LAHORE: Veteran doctors and physicians speaking at a seminar warned against the fast growing cases of hepatitis in the country which, statistics say, was taking a life every fifteen minutes.Early...
LAHORE: Veteran doctors and physicians speaking at a seminar warned against the fast growing cases of hepatitis in the country which, statistics say, was taking a life every fifteen minutes.
Early diagnosis is extremely vital for timely treatment and saving lives, they said while addressing the seminar titled ‘Hepatitis Can’t Wait’ under the aegis of Mir Khalilur Rehman Memorial Society (MKRMS) and Pakistan Society for Liver Diseases (PSLD) in connection with World Hepatitis Day.
The speakers included Dr Zaigham Abbas, Head Department of Gastroenterology Ziauddin University Karachi, Dr Fakhar Ali Areser, Dow University Hospital Karachi, Dr Nasir Hasan Lak, Consultant Gastroenterologist SIUT, Dr Fahim Abbas, Prof and Head Department of Liver and Stomach Diseases Ziauddin University and president Pakistan Society for Study of Liver Diseases Dr Amna Subhan and Fakhar Qazi.
Dr Zaigham Abbas said COVID-19 pandemic badly affected the efforts to counter hepatitis and despite that its death rate was much higher than COVID-19 in the country. He said hepatitis could not wait for the elimination of COVID-19 and said that large-scale measures were needed to promote the efforts to identify and locate the undiagnosed patients of hepatitis and start their treatment.
He said nearly 325 million people in the world were suffering from hepatitis B or C but of them, 290 million were unaware that they were facing hepatitis. Only 10 percent of Hepatitis B patients and 19 percent of Hepatitis C patients were aware of their ailment. He said in 1919, WHO prepared a plan to eliminate Hepatitis B and C, adding that for achieving its objectives the diagnosis of 90 per cent patients was necessary. He said the plan called for treatment of at least 80 percent of patients by 2030 which could reduce new infections by 90 per cent and deaths by 65 per cent.
He said in Pakistan nearly 7.17 million people were suffering from hepatitis, of them 2.5 per cent were infected with B and a huge 48 per cent with C which unfortunately was the second highest number of C patients in the world. He said only 23 percent of patients in the country knew about their ailment and only 3 per cent were getting treatment. He said nearly 800,000 people in the country were suffering from the worst kind of Hepatitis D which causes liver cancer and CIRAHOSIS disease. He said the main factors of spreading hepatitis included unsafe blood transfusion, treatment with syringes and drip, unsterilised medical instruments, quackery, undisposable razors of barbers and unsafe sexual relations etc. He said as per average every person in the country received 10 injections of which nine were unnecessary.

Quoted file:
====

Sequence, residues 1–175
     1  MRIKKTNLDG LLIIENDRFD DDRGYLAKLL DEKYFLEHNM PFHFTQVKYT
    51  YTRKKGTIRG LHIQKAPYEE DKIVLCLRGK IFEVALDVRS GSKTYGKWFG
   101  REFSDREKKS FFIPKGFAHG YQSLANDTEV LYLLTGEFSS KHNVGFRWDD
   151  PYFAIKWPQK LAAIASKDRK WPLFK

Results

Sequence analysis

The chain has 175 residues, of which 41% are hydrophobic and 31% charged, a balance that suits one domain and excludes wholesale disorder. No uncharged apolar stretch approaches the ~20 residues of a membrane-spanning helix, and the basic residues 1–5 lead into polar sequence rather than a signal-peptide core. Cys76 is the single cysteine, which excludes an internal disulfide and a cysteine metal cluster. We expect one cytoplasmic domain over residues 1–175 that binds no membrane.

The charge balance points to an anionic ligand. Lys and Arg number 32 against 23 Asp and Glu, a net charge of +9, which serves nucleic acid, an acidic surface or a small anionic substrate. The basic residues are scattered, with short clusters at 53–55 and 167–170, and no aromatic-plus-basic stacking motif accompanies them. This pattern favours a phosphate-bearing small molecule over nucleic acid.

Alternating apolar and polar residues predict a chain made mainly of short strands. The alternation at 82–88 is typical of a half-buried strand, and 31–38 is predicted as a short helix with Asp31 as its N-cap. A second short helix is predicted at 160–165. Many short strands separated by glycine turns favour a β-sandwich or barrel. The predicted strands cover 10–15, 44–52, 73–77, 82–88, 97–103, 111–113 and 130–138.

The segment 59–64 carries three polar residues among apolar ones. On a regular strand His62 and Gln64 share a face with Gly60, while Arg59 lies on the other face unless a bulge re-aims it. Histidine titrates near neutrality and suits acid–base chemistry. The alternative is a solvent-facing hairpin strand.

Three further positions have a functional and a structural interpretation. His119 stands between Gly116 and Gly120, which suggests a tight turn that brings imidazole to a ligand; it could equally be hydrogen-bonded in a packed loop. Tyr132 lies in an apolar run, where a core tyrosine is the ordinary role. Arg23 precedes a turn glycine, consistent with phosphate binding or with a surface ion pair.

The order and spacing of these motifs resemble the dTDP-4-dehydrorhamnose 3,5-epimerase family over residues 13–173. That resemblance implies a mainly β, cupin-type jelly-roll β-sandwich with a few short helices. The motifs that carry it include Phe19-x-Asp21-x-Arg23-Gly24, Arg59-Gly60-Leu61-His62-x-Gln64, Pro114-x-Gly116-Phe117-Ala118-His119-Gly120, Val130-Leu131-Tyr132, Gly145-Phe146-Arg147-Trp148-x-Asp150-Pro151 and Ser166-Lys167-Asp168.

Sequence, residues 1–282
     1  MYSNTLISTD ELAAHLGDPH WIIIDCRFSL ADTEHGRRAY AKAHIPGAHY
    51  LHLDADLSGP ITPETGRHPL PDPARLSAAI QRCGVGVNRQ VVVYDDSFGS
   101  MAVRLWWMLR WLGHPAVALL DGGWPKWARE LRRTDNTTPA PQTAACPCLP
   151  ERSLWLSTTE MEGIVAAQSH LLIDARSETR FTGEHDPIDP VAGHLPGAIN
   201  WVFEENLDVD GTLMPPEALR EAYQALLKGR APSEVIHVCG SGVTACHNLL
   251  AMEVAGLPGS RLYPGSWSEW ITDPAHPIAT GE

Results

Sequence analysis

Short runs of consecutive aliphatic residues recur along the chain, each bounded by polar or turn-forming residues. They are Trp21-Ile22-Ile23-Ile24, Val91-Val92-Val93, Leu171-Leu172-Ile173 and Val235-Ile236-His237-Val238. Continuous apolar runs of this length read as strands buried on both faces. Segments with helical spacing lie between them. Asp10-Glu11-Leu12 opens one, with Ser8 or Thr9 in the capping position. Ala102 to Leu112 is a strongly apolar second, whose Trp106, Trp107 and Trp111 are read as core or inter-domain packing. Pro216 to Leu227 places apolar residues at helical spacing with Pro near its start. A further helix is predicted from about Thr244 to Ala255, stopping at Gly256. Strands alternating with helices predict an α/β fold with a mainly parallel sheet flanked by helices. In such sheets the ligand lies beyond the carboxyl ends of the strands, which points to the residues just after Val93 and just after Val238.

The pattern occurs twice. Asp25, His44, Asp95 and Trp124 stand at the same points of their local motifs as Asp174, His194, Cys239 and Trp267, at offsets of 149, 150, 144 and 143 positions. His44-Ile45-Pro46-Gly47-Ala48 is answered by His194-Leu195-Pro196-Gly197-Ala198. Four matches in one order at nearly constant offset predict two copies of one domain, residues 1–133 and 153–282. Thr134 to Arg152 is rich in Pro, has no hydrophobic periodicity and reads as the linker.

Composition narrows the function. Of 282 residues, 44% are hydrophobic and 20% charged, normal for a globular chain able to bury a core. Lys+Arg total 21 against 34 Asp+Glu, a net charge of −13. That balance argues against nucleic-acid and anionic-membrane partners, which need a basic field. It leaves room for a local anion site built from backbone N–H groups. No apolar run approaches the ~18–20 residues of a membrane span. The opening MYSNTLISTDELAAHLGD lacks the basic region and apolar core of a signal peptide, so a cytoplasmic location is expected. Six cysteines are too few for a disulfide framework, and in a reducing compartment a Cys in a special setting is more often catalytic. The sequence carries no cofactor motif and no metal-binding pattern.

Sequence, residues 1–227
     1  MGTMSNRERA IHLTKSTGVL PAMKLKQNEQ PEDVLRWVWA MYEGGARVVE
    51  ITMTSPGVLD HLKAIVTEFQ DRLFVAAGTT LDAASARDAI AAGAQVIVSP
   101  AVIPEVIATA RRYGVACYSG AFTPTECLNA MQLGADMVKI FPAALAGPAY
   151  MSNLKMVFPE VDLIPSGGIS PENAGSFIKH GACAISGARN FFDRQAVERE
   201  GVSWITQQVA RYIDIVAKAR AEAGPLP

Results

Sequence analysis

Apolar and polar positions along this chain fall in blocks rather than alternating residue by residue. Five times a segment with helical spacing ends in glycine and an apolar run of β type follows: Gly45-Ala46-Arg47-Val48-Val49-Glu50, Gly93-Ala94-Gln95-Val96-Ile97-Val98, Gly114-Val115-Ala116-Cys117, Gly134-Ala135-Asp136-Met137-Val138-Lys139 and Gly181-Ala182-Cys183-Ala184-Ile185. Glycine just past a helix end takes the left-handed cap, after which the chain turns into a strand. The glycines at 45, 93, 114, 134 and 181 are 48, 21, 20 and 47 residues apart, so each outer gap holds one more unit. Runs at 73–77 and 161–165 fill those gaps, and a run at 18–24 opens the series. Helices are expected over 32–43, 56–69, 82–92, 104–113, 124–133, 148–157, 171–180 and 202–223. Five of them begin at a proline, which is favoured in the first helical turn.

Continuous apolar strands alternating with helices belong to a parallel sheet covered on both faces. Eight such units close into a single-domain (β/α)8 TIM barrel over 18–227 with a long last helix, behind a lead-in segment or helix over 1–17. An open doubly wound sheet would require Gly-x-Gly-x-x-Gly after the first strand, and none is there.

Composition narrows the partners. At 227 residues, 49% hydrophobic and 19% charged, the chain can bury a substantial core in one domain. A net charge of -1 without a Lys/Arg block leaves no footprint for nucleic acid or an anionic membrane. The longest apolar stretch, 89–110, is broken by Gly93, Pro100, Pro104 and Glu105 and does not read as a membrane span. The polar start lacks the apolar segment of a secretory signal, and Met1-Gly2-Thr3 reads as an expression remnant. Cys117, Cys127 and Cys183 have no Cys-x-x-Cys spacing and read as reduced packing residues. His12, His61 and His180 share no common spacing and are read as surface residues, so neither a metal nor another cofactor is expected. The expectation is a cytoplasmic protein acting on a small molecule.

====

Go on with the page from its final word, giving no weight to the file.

Dr Fakhar Ali Areser said hepatitis silently affected and damaged the liver before it was detected, causing a number of deadly diseases like cancer, CIRAHOSIS etc. He said all countrymen should test themselves for the diseases at least once in view of the fast growing cases. He said now the hepatitis treatment was easier due to advance methods through 3 to 6 capsules daily for six months. He said the chronic patients facing cancer or its threats also have the option of liver transplant, a facility available at Dow University Hospital, Shifa Hospital and other institutions.
Dr Nasir Hasan Lak said contaminated water and food, unwashed hands etc were the main causes of hepatitis. He said in case of acute Hepatitis A and E, no specific treatment was offered and usually patients feel better within four to six weeks. He said clean water and food and clean hands and body could help a lot in preventing the disease besides getting preventive vaccines. He said vaccines for Hepatitis A and E were available in the country.